Whereas Mies van der Rohe’s Crown Hall, for instance, defined a columns structural integrity by the perception of continuity juxtaposed by discontinuous mullions, this project defines the structural character of the column by its orientation. Vertical elements transition into secondary elements and account for spatial variations, circulation, and lighting. The orientation of the columns subdivide the open plan into smaller spaces and renders enclosure as delusive.
By means of the columns succession from structural to ornamental produces an ambiguity of boundary conditions, contrasted with definitive geometry, in which the subject is inclined to explore.The tubes vary from steel to polyurethane rubber at moments where the tubes orientation is not plumb to the roof surface. The relationship between the roof datum and the tubes oscillates resonance between line and surface, geometric and organic, that pokes through to provide moments of structural support, spatial variation, circulation and lighting effects. The tertiary element, glass, acts as an apparatus that vanishes and reflects in favor of the spatial variations created by the tubes. Either through provocation or adaptation to a heterogeneous environment, alternate uses arise and give new perspectives to one’s preconceptions of space. Through spatial effect, this project challenges ones preconceptions of space as empty and void and enable one to perceive spaces as heterogeneous and always in milieu even though it may appear empty. The dramatization of the column produce variations within larger spatial variations that engender relationships between subject to subject and subject to its space.
A pavilion in essence is a space meant for visual pleasure and does not involve pragmatic requirements. This pavilion by an American designer for the Milan 2015 Exposition does not represent a country. Neither does it seek a post-modern semiotic view, nor is it intended as another style, but rather is a critique about how space is full of engendered relationships of the “in between.” Since the pavilion in question is multivalent, the process attempts to minimize a misreading; one that entailed from mapping techniques.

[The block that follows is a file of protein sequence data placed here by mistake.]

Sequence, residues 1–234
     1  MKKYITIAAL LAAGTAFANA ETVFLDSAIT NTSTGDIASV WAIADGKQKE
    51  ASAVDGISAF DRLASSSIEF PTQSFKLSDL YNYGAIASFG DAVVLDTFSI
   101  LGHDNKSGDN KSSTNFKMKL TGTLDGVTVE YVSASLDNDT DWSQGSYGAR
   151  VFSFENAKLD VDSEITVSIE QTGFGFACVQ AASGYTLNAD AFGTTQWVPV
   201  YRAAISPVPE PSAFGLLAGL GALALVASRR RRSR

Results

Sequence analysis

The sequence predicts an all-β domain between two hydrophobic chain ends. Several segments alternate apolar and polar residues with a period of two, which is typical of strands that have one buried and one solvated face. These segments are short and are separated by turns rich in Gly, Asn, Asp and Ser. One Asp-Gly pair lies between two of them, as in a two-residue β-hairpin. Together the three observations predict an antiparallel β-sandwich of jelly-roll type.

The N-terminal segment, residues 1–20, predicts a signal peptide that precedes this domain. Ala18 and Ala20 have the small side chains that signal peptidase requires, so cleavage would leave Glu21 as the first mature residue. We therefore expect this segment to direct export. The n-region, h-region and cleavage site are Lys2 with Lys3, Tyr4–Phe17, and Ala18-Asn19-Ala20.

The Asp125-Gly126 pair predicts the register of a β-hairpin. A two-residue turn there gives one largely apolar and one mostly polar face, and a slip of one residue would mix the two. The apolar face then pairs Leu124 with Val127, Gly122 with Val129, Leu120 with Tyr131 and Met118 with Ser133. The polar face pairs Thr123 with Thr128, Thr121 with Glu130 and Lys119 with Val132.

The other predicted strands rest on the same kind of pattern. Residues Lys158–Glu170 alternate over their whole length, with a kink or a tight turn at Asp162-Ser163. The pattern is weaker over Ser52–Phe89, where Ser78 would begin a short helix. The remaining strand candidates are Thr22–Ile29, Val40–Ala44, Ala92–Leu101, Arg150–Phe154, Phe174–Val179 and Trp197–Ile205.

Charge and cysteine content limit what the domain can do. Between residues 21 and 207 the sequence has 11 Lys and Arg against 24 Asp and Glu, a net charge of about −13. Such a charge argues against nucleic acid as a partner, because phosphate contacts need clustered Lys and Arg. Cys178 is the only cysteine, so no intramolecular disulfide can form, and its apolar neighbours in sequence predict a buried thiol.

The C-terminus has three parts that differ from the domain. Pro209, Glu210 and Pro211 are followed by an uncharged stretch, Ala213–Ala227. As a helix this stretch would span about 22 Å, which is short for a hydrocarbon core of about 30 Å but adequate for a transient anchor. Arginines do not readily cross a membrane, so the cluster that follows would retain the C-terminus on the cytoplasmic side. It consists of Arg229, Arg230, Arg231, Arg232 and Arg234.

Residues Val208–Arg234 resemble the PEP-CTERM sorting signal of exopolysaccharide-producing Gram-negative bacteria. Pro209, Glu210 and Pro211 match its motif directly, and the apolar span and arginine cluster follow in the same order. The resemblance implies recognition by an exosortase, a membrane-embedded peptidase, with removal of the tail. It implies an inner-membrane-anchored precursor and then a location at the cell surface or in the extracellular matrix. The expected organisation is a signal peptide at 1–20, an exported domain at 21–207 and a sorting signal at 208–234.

Digital technology has enabled fabrication and time efficiency to architecture that is focused on the “how” rather than “what” – “how” referring to process and “what” referring to an encompassing idea commonly noted from post-structuralism. In “The Agency of Mapping: Speculation, Critique and Invention”, James Corner describes the potential of mapping techniques that go beyond tracing to project the unseen and the fictional. The pavilion for the Milan 2015 Exposition began through a process of mapping techniques that used a hidden grid and a hidden gradient image to work in relationship with hidden circles projecting visible lines that attempt to break apart the continuous and homogenous field into a dynamic set of conditions that anticipates a spatial translation. Since each row in the grid is parametrically connected, spatial variances are produced when each row is rotated into the third dimension. Each row is now seen as sequentially differentiated and at specific moments produce contrasting spaces within a larger spatial field. The density of the spatial effect renders enclosure as delusive and is intended to alter one’s preconceptions of space from homogenous and empty to full of relationships by means of the milieu or “in between.”
Location: Milan Expo 2015